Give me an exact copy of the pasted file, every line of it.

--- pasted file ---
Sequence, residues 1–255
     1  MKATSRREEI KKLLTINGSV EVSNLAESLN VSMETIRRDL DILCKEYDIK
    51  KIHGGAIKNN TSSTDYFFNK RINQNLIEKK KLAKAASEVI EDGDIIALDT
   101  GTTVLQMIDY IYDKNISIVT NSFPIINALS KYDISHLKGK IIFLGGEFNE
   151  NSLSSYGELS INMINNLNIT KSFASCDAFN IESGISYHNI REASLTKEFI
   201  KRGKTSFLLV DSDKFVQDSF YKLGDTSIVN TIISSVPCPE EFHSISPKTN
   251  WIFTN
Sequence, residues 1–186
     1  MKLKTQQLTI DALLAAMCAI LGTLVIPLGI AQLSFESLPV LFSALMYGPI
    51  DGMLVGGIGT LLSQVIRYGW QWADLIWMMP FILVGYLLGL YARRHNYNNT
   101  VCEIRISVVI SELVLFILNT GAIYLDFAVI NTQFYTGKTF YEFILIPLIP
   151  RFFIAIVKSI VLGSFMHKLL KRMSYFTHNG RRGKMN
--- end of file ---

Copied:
Sequence, residues 1–255
     1  MKATSRREEI KKLLTINGSV EVSNLAESLN VSMETIRRDL DILCKEYDIK
    51  KIHGGAIKNN TSSTDYFFNK RINQNLIEKK KLAKAASEVI EDGDIIALDT
   101  GTTVLQMIDY IYDKNISIVT NSFPIINALS KYDISHLKGK IIFLGGEFNE
   151  NSLSSYGELS INMINNLNIT KSFASCDAFN IESGISYHNI REASLTKEFI
   201  KRGKTSFLLV DSDKFVQDSF YKLGDTSIVN TIISSVPCPE EFHSISPKTN
   251  WIFTN
Sequence, residues 1–186
     1  MKLKTQQLTI DALLAAMCAI LGTLVIPLGI AQLSFESLPV LFSALMYGPI
    51  DGMLVGGIGT LLSQVIRYGW QWADLIWMMP FILVGYLLGL YARRHNYNNT
   101  VCEIRISVVI SELVLFILNT GAIYLDFAVI NTQFYTGKTF YEFILIPLIP
   151  RFFIAIVKSI VLGSFMHKLL KRMSYFTHNG RRGKMN